Brief Fact Summary. A class of patients from a nursing home challenged the practice of the Federal Health Department (Defendant) of enforcing compliance with the Medicaid Act by focusing on the homes’ facilities rather than focusing on patient care.
Synopsis of Rule of Law. The federal health department must focus on patient care to enforce compliance with the Medicaid Act.
If, after studying the statute and its legislative history, the court determines that the defendant official has failed to discharge a duty which Congress intended him to perform, the court should compel performance, thus effectuating the congressional purpose.View Full Point of Law
Issue. Is the federal health department required to focus on patient care to enforce compliance with the Medicaid Act?
Held. (McKay, J.)Â Yes.Â Defendant must focus on patient care to enforce compliance with the Medicaid Act.Â There is nothing in the Medicaid Act to show that Congress intended the end product of the Act to be the facilities.Â Instead, the Act focuses repeatedly on the care to be provided.Â For example, the Act provides that health standards are to be developed and maintained.Â Further, the states must inform the Secretary of what methods they use to ensure quality care.Â Because of this, the Secretary must look to patent care that was actually provided. The current review system that was implemented by Defendant is insufficient in that it looks to facilities and only the potential of care.Â Reversed and remanded.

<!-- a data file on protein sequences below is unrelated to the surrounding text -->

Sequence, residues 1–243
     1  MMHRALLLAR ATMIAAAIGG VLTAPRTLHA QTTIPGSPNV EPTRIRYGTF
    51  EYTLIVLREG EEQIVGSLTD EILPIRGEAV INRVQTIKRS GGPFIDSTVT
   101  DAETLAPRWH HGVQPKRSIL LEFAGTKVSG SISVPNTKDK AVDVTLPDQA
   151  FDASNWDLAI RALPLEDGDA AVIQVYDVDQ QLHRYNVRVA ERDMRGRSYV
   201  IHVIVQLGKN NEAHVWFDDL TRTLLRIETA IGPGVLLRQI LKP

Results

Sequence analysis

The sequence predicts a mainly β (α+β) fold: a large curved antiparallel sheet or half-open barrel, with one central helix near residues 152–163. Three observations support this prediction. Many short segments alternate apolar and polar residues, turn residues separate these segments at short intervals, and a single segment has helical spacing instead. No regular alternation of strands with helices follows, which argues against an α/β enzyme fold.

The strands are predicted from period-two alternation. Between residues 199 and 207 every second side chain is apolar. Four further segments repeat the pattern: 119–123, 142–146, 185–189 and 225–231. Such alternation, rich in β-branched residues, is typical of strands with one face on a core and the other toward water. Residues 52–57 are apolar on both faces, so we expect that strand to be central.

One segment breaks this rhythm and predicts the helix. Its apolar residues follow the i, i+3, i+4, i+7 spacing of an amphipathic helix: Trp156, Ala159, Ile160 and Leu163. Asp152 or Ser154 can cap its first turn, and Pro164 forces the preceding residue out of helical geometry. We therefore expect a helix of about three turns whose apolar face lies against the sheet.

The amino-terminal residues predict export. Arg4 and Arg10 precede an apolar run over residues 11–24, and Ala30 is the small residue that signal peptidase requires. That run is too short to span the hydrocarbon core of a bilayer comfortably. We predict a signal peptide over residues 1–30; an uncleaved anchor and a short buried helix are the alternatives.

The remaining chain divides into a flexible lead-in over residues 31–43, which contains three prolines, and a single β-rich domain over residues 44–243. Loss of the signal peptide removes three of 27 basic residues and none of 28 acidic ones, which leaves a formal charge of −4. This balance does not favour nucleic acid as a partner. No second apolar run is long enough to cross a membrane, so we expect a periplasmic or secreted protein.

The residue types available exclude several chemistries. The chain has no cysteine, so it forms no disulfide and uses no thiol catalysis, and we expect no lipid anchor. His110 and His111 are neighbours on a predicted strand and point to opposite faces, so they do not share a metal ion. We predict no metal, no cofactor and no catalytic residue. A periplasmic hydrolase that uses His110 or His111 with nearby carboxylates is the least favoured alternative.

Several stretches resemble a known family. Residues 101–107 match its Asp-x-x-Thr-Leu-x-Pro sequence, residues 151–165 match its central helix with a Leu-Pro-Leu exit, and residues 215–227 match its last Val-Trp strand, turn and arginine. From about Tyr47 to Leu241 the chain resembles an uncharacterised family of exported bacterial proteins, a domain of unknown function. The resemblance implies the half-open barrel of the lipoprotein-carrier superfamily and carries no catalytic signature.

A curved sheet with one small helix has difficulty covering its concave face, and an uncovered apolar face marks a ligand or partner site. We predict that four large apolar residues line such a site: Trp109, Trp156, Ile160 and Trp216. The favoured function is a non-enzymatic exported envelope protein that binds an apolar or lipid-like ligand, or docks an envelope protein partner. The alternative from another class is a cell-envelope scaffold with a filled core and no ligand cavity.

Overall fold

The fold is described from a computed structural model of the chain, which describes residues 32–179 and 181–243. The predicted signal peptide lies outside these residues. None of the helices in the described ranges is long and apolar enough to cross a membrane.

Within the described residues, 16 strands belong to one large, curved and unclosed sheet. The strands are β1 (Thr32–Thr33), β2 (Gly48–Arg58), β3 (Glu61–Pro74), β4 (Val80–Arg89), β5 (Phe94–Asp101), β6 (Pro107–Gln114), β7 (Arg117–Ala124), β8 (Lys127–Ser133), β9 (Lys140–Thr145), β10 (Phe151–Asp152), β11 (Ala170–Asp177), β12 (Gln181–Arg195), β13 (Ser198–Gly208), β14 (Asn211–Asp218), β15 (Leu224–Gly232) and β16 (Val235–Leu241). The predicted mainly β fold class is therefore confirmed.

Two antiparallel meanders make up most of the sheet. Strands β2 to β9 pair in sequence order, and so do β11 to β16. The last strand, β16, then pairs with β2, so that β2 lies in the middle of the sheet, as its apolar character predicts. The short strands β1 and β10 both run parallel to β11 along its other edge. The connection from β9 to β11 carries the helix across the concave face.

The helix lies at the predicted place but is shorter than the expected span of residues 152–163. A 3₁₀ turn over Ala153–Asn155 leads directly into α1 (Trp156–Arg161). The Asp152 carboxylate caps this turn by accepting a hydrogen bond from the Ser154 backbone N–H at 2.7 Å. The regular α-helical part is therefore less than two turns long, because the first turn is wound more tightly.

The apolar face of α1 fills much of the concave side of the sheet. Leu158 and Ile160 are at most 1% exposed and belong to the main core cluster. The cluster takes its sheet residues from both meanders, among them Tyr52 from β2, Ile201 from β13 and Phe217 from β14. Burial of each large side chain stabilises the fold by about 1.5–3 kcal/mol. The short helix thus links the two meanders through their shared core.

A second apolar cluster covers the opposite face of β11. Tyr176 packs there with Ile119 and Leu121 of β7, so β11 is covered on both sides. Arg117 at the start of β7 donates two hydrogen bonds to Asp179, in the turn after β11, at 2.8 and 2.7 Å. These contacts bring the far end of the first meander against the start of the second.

Discussion. The Medicaid Act is located at 42 U.S.C. Â§ 1396.Â Its purpose is to assist states in providing quality care to the disabled.Â For a state to receive funding, it must submit a plan to the Department of Health and Human Services that meets the requirements of the Act.Â These requirements were at issue here.